of the oocyte . If oocytes are denuded of their cumulus cells prior to in vitro maturation
(IVM), their developmental capacity is reduced . Denudation of preantral mouse oocytes
prior to in vitro culture inhibits their growth, alone or in co-culture with granulosa cells .
One of the most striking changes to occur during the growth phase of an oocyte is the
secretion of a glycoprotein membrane, the zona pellucida (ZP), which forms a protective coat
around the oocyte consisting of three glycoproteins (ZP1, ZP2 and ZP3), . The highly
specialized cumulus cells have trans-zonal cytoplasmic processes, which penetrate through
the zona pellucida and abut the oocyte membrane [37,38], forming the cumulus-oocyte
complex (COC). Gap junctions at the end of these processes allow the transfer of small
molecular weight molecules between oocyte and cumulus cell, and between cumulus cells,
whereas larger molecules are transported by receptor-mediated endocytosis [39,40,41,42].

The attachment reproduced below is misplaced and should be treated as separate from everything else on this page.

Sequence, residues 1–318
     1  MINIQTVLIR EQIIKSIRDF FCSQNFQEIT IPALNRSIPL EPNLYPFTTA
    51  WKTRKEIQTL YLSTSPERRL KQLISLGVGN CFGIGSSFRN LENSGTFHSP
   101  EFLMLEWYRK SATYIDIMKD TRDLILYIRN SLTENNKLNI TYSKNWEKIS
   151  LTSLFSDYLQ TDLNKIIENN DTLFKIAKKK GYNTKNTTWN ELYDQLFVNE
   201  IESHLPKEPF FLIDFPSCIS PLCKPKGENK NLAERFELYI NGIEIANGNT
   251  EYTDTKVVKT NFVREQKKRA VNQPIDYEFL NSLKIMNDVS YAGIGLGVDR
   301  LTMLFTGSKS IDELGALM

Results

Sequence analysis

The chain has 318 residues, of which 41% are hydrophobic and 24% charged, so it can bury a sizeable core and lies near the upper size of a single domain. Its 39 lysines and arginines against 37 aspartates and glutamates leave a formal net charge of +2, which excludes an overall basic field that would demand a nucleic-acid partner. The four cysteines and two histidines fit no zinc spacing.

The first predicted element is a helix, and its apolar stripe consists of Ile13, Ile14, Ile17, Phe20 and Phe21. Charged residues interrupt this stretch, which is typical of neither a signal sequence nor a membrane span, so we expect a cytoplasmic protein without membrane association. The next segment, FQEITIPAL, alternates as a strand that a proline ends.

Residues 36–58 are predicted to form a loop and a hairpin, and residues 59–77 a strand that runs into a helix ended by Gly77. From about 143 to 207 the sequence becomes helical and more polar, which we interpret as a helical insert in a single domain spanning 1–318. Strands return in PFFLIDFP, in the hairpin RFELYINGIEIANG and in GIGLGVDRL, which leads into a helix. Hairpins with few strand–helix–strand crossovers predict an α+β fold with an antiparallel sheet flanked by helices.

These junctional contacts are formed by connexin proteins of which connexin-37 is expressed
by the oocytes at all stages of folliculogenesis [43,44]. These gap junctions facilitate bi-
directional communication and enable the transfer of nutrients, metabolic precursors (e.g.
amino-acids and nucleotides), cytokines and other hormones (e.g. neurotransmitters and
growth factors), and inhibitory and stimulatory meiotic signals [45,46], that are necessary for
oocyte growth, as well as small regulatory molecules that control oocyte development . In
this way, MVV may be able to come into direct contact with the oocytes via the cumulus cells
during oogenesis or oocyte maturation in vivo.
Nevertheless, despite having been in contact with infected cumulus cells none of the 1,949
oocytes without granulosa cells or of the 88 batches of follicular fluid were found to contain